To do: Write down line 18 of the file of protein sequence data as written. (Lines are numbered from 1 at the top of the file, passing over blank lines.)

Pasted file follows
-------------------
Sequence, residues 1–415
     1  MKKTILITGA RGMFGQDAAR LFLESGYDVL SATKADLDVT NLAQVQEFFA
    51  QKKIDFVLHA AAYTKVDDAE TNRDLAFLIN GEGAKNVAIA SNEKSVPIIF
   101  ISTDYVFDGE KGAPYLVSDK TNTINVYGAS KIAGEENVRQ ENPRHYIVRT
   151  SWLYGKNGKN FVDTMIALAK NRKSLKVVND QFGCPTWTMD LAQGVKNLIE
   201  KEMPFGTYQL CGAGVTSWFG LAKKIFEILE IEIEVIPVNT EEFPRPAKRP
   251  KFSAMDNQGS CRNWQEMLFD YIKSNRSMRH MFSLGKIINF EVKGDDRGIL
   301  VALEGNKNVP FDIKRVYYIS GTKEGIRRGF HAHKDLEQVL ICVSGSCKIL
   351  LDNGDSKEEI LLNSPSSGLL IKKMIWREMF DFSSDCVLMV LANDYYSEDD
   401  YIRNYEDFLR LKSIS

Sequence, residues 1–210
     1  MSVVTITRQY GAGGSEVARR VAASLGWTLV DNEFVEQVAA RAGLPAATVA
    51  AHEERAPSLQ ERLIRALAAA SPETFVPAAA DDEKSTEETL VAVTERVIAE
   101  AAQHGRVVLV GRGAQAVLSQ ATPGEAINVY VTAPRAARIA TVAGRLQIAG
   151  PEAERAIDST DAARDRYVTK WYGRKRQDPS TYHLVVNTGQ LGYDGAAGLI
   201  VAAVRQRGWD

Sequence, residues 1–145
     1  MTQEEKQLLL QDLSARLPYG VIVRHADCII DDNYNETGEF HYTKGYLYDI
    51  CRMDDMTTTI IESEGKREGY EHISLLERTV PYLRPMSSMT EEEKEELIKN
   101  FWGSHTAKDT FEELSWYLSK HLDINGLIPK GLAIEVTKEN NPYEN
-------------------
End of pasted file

     1  MTQEEKQLLL QDLSARLPYG VIVRHADCII DDNYNETGEF HYTKGYLYDI